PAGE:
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Wild Writing and Interview with Analeah Loschiavo Rosen

Monday, October 15, 2018

Looking for some new inspiration for your writing? Fall is a great time to explore the art of nature writing and we’re hosting a half-day workshop on the subject on November 17 from 9am to 12noon at The Novel Neighbor. Check out the full description of Wild Writers: Environmental Writing for the Curious Novice, and learn more about the instructor, Analeah Loschiavo Rosen, in this interview:

When did you start writing? What drew you to environmental writing? 
I’ve been writing stories for as long as I can remember, but I think I only started taking writing seriously in college. Environmental writing came to me later on – I grew up in Florida (near the Everglades) and then moved to Chicago – both of these places lack what people like to think of as “environment,” that is, beautiful mountains and forests. But I loved both of their landscapes and began thinking about the fact that most people don’t live what we would like to consider “the great outdoors.” I wanted a way to reconcile the fact of the environment as lived daily experience and the notion that it can only exist in far away, pristine locations.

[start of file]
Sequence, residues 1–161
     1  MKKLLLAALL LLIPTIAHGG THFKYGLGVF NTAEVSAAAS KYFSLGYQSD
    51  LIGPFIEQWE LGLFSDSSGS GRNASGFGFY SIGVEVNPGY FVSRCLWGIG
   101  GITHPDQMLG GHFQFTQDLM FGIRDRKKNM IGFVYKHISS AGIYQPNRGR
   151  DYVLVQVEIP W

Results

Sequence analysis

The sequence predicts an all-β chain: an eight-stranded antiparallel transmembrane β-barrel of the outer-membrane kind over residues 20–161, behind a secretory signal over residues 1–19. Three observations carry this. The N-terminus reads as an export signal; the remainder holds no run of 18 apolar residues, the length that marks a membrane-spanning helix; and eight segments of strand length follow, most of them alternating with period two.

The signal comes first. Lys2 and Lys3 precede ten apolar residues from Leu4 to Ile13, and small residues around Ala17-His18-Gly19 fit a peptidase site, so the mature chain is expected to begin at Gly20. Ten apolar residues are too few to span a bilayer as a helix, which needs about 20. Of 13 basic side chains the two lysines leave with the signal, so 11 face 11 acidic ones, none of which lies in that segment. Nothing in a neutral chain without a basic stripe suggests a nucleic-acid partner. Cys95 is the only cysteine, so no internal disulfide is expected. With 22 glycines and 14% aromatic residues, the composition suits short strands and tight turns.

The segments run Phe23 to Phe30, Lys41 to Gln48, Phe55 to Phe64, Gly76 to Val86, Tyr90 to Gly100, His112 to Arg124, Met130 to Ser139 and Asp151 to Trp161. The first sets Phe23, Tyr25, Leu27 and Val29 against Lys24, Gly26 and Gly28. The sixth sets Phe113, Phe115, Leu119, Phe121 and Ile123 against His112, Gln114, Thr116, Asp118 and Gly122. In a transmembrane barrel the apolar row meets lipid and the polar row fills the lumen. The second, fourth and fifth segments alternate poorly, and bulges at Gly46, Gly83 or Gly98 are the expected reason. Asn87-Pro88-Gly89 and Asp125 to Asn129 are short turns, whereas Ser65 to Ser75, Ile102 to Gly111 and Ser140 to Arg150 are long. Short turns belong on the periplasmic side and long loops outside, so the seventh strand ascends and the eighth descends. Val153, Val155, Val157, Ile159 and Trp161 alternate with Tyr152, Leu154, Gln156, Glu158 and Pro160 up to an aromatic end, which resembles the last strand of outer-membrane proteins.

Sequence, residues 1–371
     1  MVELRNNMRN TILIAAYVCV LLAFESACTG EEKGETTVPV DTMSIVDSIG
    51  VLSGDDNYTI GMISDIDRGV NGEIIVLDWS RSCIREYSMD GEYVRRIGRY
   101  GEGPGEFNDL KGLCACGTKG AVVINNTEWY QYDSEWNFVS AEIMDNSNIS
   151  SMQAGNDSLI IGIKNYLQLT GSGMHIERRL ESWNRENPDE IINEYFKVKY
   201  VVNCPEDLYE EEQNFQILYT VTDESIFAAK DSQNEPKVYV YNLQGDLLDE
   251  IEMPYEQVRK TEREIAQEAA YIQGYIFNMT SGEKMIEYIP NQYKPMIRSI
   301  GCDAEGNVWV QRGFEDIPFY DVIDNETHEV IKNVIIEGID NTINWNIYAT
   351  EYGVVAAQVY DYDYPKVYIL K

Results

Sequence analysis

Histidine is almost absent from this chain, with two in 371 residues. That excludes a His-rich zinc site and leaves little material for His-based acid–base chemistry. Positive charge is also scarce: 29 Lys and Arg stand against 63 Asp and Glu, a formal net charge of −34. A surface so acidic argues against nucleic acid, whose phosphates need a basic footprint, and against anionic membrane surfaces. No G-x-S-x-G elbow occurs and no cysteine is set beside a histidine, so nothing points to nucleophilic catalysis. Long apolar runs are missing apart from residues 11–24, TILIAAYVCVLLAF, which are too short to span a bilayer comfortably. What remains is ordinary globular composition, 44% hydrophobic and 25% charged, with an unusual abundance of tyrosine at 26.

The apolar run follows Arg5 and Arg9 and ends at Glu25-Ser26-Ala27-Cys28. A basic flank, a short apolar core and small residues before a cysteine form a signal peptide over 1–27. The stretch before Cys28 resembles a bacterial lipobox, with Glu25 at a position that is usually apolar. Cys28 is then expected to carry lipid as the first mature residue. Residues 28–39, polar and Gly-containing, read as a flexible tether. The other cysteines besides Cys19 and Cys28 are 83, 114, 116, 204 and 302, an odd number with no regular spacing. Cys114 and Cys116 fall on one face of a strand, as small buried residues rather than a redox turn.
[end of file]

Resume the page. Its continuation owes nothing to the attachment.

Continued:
What surprises you about writing? What’s the hardest part for you?
I’m surprised that I haven’t solved it yet! The hardest part is always finding the form for what I want to say, struggling to make thought into a legible pattern.

What work are you most proud of and why?
Something I have yet to write. I’m always striving to figure something else out and make it better.

What are you currently working on? 
I’m working on a novella that looks at irradiated landscapes and uneven social dynamics. And some short stories about companion species!

If you could give only one piece of advice to new writers, what would it be?
Two things: Something my immigrant mother taught me, which was in reference to work ethic in general – you just have to sit your butt in the chair and do it. And another thing a college professor told me – at the end of the day, the strongest relation you’ll have is to your work. This relation will outlive your dogs, your partners, your mentors. At the end of it all it’s just you and your work. These two pieces of advice have really helped me through those times I’ve just wanted to give it all up.